Guide To Scottish Lowland Whisky Region
In contrast to the overbearing mountains of the Highland region the Southern region is made up of green rolling hills, moorland and plains, and consists of 2 areas known as the Borders and Dumfries & Galloway. They both are situated on the border with England. This is fertile farmland and is mainly used for that purpose therefore only lightly populated. Dumfries & Galloway has rocky shoreline on the west coast with Stranraer used as the main hub for ferry traffic over to Northern Ireland, in the East the Borders region faces the unforgiving North Sea which contains Scotland’s other large liquid asset, Oil.
At one time every Scottish city would have had a whisky producing distillery however the Lowlands now has only 2 in production (at the time of writing) however there are some still have bottles in circulation after they have closed down. Often unfairly referred to as the ‘Lowland Ladies’ this region has little peat and triple distils its whisky leading to a lighter, drier, gentler whisky. This is usually ideal for someone starting off drinking whisky or as a before diner drink. The Lowland area is the least productive all whisky making areas and this in part has been to do with the success of the others and a certain snobbery aimed at a more mild whisky. There is also a view held by some that as close neighbours to the English they are somewhat less Scottish in the Lowland area.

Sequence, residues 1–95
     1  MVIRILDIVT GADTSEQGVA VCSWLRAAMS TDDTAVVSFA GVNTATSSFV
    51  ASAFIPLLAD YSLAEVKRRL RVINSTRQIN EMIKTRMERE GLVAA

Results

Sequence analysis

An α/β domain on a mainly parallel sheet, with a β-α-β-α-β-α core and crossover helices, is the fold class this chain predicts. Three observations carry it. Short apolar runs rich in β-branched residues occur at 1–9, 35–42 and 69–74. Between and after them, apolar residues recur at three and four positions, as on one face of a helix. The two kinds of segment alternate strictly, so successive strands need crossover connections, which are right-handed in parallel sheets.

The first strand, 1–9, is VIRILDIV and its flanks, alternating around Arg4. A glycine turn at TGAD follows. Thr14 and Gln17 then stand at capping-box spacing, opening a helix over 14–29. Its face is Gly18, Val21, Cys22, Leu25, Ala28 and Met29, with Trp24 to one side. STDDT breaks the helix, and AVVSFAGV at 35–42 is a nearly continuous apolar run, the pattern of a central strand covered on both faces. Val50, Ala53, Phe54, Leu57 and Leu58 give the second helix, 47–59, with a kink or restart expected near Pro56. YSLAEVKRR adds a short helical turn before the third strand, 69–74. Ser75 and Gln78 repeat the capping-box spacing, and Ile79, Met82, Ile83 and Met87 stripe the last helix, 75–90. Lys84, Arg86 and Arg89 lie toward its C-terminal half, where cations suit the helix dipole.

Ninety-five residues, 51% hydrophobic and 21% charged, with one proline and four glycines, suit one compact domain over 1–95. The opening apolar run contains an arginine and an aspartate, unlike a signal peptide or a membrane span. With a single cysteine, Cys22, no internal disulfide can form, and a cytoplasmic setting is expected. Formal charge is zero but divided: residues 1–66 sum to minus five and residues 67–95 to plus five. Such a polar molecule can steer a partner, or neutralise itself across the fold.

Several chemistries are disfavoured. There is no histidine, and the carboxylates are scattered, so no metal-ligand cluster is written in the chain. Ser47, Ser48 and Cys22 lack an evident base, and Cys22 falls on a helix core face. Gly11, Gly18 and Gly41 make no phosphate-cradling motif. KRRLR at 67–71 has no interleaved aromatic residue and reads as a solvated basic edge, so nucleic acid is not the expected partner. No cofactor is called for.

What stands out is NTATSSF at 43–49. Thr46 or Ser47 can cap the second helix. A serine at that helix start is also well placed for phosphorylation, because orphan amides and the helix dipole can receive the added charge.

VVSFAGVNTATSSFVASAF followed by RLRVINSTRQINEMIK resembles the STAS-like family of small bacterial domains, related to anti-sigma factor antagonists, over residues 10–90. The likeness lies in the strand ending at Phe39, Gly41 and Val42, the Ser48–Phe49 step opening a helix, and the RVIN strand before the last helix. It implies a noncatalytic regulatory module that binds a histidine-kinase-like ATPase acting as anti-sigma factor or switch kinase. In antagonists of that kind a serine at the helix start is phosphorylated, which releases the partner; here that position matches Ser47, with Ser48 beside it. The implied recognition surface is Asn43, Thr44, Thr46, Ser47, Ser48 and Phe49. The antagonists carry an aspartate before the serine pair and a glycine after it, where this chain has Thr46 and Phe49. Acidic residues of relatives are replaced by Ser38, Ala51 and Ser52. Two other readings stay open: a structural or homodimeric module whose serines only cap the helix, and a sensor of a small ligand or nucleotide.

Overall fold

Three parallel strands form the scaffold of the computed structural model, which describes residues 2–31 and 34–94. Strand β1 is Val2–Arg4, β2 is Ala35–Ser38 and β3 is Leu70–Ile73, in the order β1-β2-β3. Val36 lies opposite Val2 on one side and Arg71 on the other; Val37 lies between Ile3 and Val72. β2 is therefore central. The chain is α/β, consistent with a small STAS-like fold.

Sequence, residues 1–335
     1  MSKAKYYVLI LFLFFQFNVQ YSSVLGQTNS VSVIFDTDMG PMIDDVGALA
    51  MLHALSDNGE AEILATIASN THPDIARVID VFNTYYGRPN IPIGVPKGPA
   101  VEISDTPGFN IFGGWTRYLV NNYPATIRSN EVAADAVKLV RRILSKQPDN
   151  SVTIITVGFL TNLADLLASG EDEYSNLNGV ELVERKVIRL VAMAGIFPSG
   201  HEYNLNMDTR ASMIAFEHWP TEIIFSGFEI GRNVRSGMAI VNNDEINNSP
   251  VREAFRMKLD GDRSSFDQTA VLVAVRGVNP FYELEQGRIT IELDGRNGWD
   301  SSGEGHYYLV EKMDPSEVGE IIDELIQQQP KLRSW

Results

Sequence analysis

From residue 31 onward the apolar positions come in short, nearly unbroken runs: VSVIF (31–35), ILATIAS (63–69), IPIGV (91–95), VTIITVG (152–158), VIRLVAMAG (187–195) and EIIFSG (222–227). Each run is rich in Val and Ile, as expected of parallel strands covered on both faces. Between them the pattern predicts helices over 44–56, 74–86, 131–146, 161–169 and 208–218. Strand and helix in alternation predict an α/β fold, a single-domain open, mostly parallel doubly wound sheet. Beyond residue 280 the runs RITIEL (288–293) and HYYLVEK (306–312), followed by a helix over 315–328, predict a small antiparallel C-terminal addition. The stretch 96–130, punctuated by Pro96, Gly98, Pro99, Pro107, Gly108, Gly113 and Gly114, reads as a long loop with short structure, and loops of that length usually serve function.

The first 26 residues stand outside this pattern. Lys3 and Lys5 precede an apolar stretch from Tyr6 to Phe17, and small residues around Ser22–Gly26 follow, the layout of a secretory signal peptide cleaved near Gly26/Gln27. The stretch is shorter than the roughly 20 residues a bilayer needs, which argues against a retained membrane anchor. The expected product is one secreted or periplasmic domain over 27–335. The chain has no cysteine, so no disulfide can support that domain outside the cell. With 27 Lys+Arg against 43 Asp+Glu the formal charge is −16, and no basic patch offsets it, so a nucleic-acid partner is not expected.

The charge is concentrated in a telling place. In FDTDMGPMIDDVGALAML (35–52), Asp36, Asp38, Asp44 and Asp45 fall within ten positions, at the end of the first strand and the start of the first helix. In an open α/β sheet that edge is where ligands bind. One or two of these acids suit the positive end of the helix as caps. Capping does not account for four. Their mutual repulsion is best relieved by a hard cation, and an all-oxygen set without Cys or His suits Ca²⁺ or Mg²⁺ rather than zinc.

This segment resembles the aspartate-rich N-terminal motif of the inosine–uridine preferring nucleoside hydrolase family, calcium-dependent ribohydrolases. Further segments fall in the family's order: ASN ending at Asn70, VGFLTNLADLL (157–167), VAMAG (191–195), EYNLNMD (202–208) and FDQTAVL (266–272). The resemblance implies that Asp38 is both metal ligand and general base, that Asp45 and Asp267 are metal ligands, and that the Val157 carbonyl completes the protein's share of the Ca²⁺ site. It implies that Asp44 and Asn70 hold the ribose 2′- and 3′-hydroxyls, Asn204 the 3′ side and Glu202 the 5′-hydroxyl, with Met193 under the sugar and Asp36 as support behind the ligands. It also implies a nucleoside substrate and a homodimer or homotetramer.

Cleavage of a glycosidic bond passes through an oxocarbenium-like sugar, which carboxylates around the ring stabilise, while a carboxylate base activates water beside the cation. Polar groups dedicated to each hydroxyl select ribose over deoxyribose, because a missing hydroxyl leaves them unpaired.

The best known of the Lowland whiskies is Auchentoshan however many tourists visiting Edinburgh are taken to Glenkinchie distillery some closed distilleries such as Rosebank has produced some good whiskies.
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